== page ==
Trafficking with Abolitionism: An Examination of Anti-Slavery Discourses

17 Pages Posted: 24 Aug 2015

See all articles by Mechthild Nagel

Mechthild Nagel

State University of New York (SUNY), Cortland

Date Written: August 23, 2015


What do discourses about prisons, trafficking and "prostitution" have in common? This paper analyses the ideological framework of social movements with respect to the rhetorical deployment of abolitionism. Critical to all of these movements is the concept of abolishing slavery. After tracing "the new abolitionism" of trafficking and prostitution back to the 19th Century Anglo American temperance movement, this paper will address the following: How are these social movements impacted by considerations of (social) class, religious fervor, gender, sexuality, citizenship, race, and ethnicity? Who is speaking for whom and why does it matter, politically and ethically? In what ways are today’s opponents of "prostitution" reproducing yesterday’s slogans of "white slavery"? It is argued that there are some fundamental differences between contemporary anti-prison movements and the anti-sex industry movement. Prisoners’ rights activists focus on the causes of mass incarceration and explore which demands best lead to overall decarceration; penal critics demand excarceration and a complete transformation of the penal system. Those who condemn "prostitution" rely heavily on the prosecution of "pimps" and "johns" with the goal of freeing the girls and women from "sexual slavery." Finally, the paper will explain in detail why it is misplaced to label the movement against the sex industry as abolitionist rather than, say, prohibitionist.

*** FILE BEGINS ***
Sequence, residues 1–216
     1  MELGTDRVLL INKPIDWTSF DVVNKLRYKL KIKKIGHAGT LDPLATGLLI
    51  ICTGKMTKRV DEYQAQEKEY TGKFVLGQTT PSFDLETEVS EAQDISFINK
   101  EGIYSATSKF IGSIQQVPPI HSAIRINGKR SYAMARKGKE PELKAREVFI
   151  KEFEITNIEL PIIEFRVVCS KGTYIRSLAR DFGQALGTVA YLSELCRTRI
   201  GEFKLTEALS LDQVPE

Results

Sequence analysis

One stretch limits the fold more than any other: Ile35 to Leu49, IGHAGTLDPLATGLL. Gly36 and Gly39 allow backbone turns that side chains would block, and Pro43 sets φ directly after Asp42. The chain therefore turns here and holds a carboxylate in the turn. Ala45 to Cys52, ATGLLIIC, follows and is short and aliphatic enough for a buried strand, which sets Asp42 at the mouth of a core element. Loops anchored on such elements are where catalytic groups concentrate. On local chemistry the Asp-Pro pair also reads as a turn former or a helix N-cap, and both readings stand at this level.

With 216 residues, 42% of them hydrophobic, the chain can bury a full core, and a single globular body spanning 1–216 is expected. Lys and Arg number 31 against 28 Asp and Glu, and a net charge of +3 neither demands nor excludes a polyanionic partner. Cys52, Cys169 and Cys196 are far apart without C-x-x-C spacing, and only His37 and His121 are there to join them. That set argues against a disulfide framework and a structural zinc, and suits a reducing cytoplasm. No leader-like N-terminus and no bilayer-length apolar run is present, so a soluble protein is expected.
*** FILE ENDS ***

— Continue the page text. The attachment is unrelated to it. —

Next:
Keywords: slavery, prohibition, abolition, prisons, sex work

JEL Classification: Z1

Suggested Citation

Nagel, Mechthild, Trafficking with Abolitionism: An Examination of Anti-Slavery Discourses (August 23, 2015). Available at SSRN: or

Mechthild Nagel (Contact Author)

State University of New York (SUNY), Cortland ( email )

P.O. Box 2000
21 Graham Ave.
Cortland, NY 13045-0900
United States

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